Short stature as a screening test for endocrinopathy in slipped capital femoral epiphysis.

Journal Article (Journal Article)

Slipped capital femoral epiphysis may be associated with hypothyroidism and other endocrinopathies. Routine screening for such abnormalities is unlikely to be cost-effective since the overall incidence of these disorders, in association with slipped capital femoral epiphysis, is low. The identification of a presenting characteristic which would predict the chance of an associated endocrinopathy would allow only selected children to be screened. Our aim was to determine if certain characteristics were useful as a screen for patients with an underlying endocrinopathy who presented with slipped capital femoral epiphysis. Between January 1988 and December 1996 we recorded gender, age, height, unilateral or bilateral involvement and an associated diagnosis of endocrinopathy for all patients who were treated for slipped capital femoral epiphysis. Of 166 such patients 13 (7.8%) had an endocrinopathy. Height was the only useful screening characteristic, although bilateral involvement was more likely in those with an endocrinopathy. Most (90.9%) of this latter group were below the tenth percentile for height compared with only 5.4% in those who did not have an endocrinopathy (p < 0.005). The sensitivity and negative predictive value of detecting an underlying endocrinopathy in a patient presenting with a slipped capital femoral epiphysis and short stature (tenth percentile or less) were 90.2% and 98.6%, respectively. Patients who are on or below the tenth percentile for height at the time of presentation should be screened for a possible endocrine abnormality using measurement of thyroid-stimulating hormone and free thyroxine as a preliminary screening test. These hormones are most likely to be abnormal in the presence of endocrine dysfunction.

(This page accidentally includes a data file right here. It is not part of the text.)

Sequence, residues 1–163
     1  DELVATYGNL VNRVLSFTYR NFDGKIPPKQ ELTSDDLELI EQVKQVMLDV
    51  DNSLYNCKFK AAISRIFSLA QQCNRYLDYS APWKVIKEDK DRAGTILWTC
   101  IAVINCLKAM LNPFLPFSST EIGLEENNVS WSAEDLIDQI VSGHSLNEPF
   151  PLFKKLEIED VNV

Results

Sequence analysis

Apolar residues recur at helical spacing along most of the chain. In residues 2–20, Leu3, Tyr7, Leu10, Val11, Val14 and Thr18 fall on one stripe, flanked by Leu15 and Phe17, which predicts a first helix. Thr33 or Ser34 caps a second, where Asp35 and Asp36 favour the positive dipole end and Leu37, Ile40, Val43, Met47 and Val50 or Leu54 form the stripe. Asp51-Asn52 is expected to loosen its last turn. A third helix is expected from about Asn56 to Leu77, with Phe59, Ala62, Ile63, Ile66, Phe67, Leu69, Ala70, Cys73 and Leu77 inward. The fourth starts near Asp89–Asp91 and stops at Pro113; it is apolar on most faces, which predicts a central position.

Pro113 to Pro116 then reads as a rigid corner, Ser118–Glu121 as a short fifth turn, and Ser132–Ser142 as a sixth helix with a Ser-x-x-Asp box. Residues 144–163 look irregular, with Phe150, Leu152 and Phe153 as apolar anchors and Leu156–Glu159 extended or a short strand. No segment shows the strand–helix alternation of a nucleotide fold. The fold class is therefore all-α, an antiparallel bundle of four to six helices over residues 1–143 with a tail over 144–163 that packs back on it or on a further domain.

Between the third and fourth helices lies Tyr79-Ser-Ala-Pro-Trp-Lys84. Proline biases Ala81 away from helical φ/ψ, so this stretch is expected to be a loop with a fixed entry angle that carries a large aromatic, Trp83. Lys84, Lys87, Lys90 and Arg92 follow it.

Full Text

Duke Authors

Cited Authors

  • Burrow, SR; Alman, B; Wright, JG

Published Date

  • March 2001

Published In

Volume / Issue

  • 83 / 2

Start / End Page

  • 263 - 268

PubMed ID

  • 11284578

Pubmed Central ID

  • 11284578

International Standard Serial Number (ISSN)

  • 0301-620X

Digital Object Identifier (DOI)

  • 10.1302/0301-620x.83b2.10554


  • eng

Conference Location

  • England